How to Manage Pests

UC Pest Management Guidelines

Peppermint

Relative Toxicities Of Insecticides And Miticides Used In Peppermint To Natural Enemies And Honey Bees

(Reviewed 8/12, updated 8/12)

In this Guideline:


Common name
(trade name and formulation)
Mode of action1 Selectivity2
(affected groups)
Predatory mites3 General predators4 Parasites4 Honey bees5 Duration of impact to natural enemies6
abamectin (Agri-Mek EC) 6 moderate (mites, leafminers) H L M/H I7 long to predatory mites and affected insects
bifenazate (Acramite) 25 narrow (mites) L L L III short
chlorantraniliprole (Coragen) 28 narrow L L L/M IV short
chlorpyrifos (Lorsban Advanced) 1B broad (insects, mites) M H H I8 moderate
ethoprop (Mocap 15G) 1B narrow (soil insects) L L L IV
etoxazole (Zeal) 10B narrow (mites) 9 IV short
fenpyroximate (Fujimate) 21 narrow (mites and some insects) L L IV short
hexythiazox (Onager EC) 10A narrow (mites) M L L IV short to moderate
neem oil (Trilogy) broad (soft-bodied) insects) L L L III short
propargite (Omite) 12C narrow (pest mites) M10 L L IV short
H = high     M = moderate    L = low    — = no information
1 Rotate chemicals with a different mode-of-action Group number, and do not use products with the same mode-of-action Group number more than twice per season to help prevent the development of resistance. For example, the organophosphates have a Group number of 1B; chemicals with a 1B Group number should be alternated with chemicals that have a Group number other than 1B. Mode of action Group numbers are assigned by IRAC (Insecticide Resistance Action Committee). For additional information, see their Web site at http://www.irac-online.org/.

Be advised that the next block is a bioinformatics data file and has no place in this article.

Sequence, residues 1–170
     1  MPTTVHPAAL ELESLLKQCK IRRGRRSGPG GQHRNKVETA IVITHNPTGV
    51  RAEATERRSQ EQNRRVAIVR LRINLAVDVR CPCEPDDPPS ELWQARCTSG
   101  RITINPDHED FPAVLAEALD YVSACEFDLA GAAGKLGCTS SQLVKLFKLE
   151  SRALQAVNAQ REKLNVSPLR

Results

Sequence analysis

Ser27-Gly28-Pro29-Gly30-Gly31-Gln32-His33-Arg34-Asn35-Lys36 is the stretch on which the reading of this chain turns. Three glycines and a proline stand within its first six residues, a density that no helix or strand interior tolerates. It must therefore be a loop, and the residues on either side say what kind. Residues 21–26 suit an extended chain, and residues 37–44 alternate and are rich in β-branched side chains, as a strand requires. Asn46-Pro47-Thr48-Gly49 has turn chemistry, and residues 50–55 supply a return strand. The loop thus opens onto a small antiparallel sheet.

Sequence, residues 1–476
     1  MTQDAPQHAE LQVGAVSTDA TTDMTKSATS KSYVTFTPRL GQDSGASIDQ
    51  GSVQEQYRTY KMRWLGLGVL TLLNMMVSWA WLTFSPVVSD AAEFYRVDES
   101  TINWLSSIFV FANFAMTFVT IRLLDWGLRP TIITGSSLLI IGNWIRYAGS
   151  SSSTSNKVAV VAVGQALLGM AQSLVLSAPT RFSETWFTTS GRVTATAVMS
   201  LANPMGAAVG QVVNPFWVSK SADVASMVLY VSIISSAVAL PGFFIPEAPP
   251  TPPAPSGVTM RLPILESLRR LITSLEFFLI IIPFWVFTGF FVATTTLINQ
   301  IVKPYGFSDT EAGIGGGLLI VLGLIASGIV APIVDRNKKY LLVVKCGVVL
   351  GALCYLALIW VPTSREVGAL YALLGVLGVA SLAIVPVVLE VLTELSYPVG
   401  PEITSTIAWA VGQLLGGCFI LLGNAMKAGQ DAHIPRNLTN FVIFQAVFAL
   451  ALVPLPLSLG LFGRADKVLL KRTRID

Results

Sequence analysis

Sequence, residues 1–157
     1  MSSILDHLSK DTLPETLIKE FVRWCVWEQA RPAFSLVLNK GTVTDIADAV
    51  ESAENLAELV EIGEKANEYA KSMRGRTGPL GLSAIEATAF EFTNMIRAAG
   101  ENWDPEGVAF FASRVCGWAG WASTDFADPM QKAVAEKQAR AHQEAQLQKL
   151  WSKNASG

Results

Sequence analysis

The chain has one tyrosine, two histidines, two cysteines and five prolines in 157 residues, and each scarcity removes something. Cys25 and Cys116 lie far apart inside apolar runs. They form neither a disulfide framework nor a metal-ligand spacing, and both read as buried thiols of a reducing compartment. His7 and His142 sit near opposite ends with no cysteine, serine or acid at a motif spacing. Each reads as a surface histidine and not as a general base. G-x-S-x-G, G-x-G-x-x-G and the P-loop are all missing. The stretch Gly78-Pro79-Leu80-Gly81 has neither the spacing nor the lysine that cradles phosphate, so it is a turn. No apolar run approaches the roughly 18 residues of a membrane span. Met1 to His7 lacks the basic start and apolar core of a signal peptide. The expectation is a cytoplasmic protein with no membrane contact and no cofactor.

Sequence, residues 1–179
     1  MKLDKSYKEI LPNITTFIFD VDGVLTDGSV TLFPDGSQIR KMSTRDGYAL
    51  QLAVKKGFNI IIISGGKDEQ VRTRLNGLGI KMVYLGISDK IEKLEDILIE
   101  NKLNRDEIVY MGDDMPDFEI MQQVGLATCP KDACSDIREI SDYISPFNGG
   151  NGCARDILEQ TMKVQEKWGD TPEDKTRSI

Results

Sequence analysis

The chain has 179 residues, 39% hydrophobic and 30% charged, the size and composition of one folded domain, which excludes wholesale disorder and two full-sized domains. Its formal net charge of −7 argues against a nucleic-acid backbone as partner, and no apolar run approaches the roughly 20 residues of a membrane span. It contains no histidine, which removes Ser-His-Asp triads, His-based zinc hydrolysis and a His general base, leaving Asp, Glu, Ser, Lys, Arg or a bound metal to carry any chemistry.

2 Selectivity: Broad means it affects most groups of insects and mites; narrow means it affects only a few specific groups.
3 Generally, toxicites are to western predatory mite, Galendromus occidentalis. Where differences have been measured in toxicity of the pesticide-resistant strain versus the native strain, these are listed as pesticide-resistant strain/native strain.
4 Toxicities are averages of reported effects and should be used only as a general guide. Actual toxicity of a specific chemical depends on the species of predator or parasite, environmental conditions, and application rate.
5 Ratings are as follows: I-Do not apply to blooming plants; II-Apply only during late evening; III-Apply only during late evening, night, or early morning; and IV-Apply at any time with reasonable safety to bees. For more information, see How to Reduce Bee Poisoning From Pesticides (PDF), Pacific Northwest Extension Publication PNW591.
6 Duration: Short means hours to days; moderate means days to 2 weeks; and long means many weeks or months.
7 If rate is 0.025 lb a.i./acre, rating is II.
8 If rate is 0.05 lb a.i./acre or less, rating is III.
9 Acute toxicity low, but reproductive capacity impacted.
10 Use lowest rates for best management of western predatory mite/spider mite ratio (propargite).

[Precautions]

PUBLICATION

[UC Peer Reviewed]

UC IPM Pest Management Guidelines: Peppermint
UC ANR Publication 3457

General Information

Acknowledgements: This table was compiled based on research data and experience of University of California scientists who work on a variety of crops and contribute to the Pest Management Guideline database, and from Flint, M. L. and S. H. Dreistadt. 1998. Natural Enemies Handbook: An Illustrated Guide to Biological Pest Control, ANR Publication 3386.

Top of page


Statewide IPM Program, Agriculture and Natural Resources, University of California
All contents copyright © 2014 The Regents of the University of California. All rights reserved.

For noncommercial purposes only, any Web site may link directly to this page. FOR ALL OTHER USES or more information, read Legal Notices. Unfortunately, we cannot provide individual solutions to specific pest problems. See our Home page, or in the U.S., contact your local Cooperative Extension office for assistance.

Agriculture and Natural Resources, University of California

Accessibility   /PMG/r61900111.html revised: May 19, 2014. Contact webmaster.